Batya Ozeri Year of birth- 1959, Israel. Residence – Beer Sheva 1980-1977 – Art studies at the Avni Institute for Painting and Sculpture, Tel Aviv. 1990- Israeli Art Studies, Givat Haviva Arts Center. 2008-2010 – Ceramic Sculpture Studies, School of Visual Arts, Israel She exhibits at many exhibitions around the country and teaches art. In my paintings I explore the human soul for its complexities: its fears, its embarrassments, her complications, her frustrations, her wickedness, her generosity, her grief and yes, her joys and happiness. But as Leo Tolstoy in “Anna Karenina” said: “All happy families are alike, yet each family is miserable, unhappy in its own way.” The misery is much more diverse and provides us with innumerable stories as best described by the best screenwriters. My sources of inspiration are life, other artists and films of course. Horror movies, Holocaust movies which are by far the most awful horror movies I know, love movies and more. Claude Lenzman’s 1985 film “Holocaust” was one of the sources of inspiration for a series of my work on the subject of the Holocaust mentally impaired, one of which, “Joseph,” was featured in the exhibition (large portrait of an older man in expressive style, Van Gogh). Unfortunately there are anguish that is hard to endure and as a result people have broken down mentally.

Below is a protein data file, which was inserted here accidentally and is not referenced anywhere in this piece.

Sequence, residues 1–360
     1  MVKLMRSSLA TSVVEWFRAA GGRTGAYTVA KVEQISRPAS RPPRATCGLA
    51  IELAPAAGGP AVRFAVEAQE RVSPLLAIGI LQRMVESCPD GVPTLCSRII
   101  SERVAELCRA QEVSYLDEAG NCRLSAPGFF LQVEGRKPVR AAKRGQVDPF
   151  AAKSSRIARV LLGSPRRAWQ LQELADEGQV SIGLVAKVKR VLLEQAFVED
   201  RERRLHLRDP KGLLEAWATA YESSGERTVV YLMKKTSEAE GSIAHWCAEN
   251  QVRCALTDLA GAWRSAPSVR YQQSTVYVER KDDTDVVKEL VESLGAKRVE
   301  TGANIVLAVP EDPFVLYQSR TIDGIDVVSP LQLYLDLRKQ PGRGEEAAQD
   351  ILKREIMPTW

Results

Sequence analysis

In the title “Untitled 2” (Transparent Bodies in a Circle) I tried to describe a person’s helplessness and lack of control over his own destiny, writing his place in the universe through a structured arrangement by other people, an arrangement written “from above” (by the screenwriter) And his transparency in the eyes of the beholder who controls him and his movements.
In the painting “Untitled 3” (a woman twisted in green against an orange background), I tried to portray the horror in its embodiment, as represented in Alfred Hitzcock’s films, by distorting the human image itself.
To conclude: “Something Happy” Inspired by The Greek Zorba, a 1964 film directed by Michael Kakuyannis based on Nikos Kazanzakis’s book: “Zerley’s Portrait” pleased.
And finally my work Ella Rosenberg’s (painting) was inspired by “The Mask” 1994 – movie initially intended to be a horror adopted comic, that then turned into a wild romantic comedy and brought box-office success, grossing $119 million domestically and over $350 million worldwide and fame to Jim Carrey and Cameron Diaz – previously a complete unknown. This superhero comedy film reveals life of Stanley Ipkiss (Carrey), an unfortunate bank clerk who finds a magical mask that transforms him into a mischievous zoot-suited gangster. This idea of a magical transformation we all are dreaming of (to be better, stronger and more successful).